While you may find a number of abdominal muscle strength tests in exercise and fitness books, the curl up is the most reliable and valid test of the abdominals that you can perform at home. Since the curl up is based in research, you will be able to compare your results to your peers by age group and gender.
The curl up test is performed on a mat. Place tape on your mat 3 inches down the mat from your fingertips as shown. When you do the curl up, you must be able to touch the tape each time, keeping a pace of 1 curl up every 3 seconds (20 per minute)*. Once you slow down, the test is over. See your results on the charts below.
*To ensure that you score the test correctly, get a metronome app for your mobile phone, such as Mobile Metronome. Set the app for 40 beats per minute. Then you can time your curl up to the beat of the metronome: 1 beat on the way up and 1 beat on the way down. You may need a friend to watch and help you keep pace correctly.
Note: A "Superior" rating means your score is in the top 15% when compared to the men or women in your age group.
Research for the Curl Up Test is out of Canada (1). At this point, there has been analysis, but no update to the Curl Up Test. There is, however, a classical abdominal strength test you can try at home. This test was devised by Florence Kendall, a pioneer and leader in physical therapy muscle testing.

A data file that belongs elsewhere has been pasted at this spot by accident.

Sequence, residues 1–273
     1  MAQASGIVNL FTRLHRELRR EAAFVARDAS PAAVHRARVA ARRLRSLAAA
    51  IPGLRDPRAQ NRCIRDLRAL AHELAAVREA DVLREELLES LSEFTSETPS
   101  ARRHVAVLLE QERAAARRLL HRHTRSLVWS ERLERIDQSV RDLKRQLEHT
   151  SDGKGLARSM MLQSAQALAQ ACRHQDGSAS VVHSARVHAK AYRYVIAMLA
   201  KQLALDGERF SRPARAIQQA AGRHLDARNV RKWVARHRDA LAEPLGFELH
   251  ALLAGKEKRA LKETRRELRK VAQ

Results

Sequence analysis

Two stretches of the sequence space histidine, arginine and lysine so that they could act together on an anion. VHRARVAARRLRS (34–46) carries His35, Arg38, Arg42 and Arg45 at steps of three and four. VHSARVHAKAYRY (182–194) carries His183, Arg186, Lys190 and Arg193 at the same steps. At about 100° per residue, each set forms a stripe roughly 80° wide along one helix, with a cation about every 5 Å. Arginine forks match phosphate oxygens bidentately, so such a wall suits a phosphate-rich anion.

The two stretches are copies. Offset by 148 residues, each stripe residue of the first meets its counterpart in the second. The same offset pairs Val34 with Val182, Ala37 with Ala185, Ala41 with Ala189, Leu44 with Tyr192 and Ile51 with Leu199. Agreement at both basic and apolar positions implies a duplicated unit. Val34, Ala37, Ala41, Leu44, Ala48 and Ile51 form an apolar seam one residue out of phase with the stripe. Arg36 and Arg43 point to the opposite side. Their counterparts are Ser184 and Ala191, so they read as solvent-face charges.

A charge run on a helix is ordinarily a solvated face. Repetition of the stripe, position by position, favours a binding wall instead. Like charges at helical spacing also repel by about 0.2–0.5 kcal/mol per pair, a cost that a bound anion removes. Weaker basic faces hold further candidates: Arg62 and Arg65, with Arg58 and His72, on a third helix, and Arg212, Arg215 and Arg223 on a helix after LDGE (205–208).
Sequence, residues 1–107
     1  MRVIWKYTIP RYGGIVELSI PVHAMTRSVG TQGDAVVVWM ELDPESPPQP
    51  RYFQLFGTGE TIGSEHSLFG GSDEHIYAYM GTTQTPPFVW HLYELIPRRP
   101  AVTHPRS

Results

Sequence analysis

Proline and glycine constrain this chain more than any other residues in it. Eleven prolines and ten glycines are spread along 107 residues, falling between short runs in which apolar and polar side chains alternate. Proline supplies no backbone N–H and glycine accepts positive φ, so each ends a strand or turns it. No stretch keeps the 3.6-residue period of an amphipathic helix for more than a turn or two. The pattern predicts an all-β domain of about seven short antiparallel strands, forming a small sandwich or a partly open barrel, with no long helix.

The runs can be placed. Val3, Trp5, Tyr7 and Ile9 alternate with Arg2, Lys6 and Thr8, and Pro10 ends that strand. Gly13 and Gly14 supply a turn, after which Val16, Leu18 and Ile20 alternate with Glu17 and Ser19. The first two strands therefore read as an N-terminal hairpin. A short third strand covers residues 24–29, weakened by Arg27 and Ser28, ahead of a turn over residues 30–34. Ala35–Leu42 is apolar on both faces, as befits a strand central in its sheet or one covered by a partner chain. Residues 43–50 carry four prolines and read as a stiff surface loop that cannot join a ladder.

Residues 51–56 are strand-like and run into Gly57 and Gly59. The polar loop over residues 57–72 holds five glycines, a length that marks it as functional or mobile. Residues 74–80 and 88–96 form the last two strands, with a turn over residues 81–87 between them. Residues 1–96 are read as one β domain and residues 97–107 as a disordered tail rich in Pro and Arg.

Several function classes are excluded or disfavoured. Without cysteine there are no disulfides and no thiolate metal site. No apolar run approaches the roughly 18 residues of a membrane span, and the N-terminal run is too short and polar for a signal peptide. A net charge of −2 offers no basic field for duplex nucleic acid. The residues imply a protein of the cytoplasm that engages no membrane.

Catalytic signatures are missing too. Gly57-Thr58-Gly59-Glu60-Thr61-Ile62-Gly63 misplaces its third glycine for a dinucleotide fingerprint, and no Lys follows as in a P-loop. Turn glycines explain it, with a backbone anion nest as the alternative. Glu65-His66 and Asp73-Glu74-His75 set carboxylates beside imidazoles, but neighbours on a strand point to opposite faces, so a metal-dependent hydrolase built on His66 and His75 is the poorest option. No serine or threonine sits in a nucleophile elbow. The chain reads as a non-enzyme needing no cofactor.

Upper Abdominal Muscle Strength Test
Lie flat on your back with your legs straight and arms at your sides.
1) Slowly curl your spine off the floor, reaching your arms out in front of you, until you are in a full seated position with your legs flat on the floor. (This movement is called a Roll Up in Pilates) Was this easy? Proceed to #2
2) Curl up the same way, but with your arms folded across your chest.
Try #3 if this move was also easy.
3) Fold your arms behind your head and curl up.
Poor: Unable to raise up from the floor in exercise #1
Fair: Able to curl up, but not to full sitting, for exercise #1
Fair+: Can curl up to a full sitting position in exercise #1
Good: Can curl up with arms folded
Normal: Can curl up with arms behind head
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Rob Cowell, PT is the author of whyiexercise.com and the new book, Progressive Core Strengthening. This website was created from his knowledge and experience in physical therapy, fitness and athletics. Thanks for visiting!
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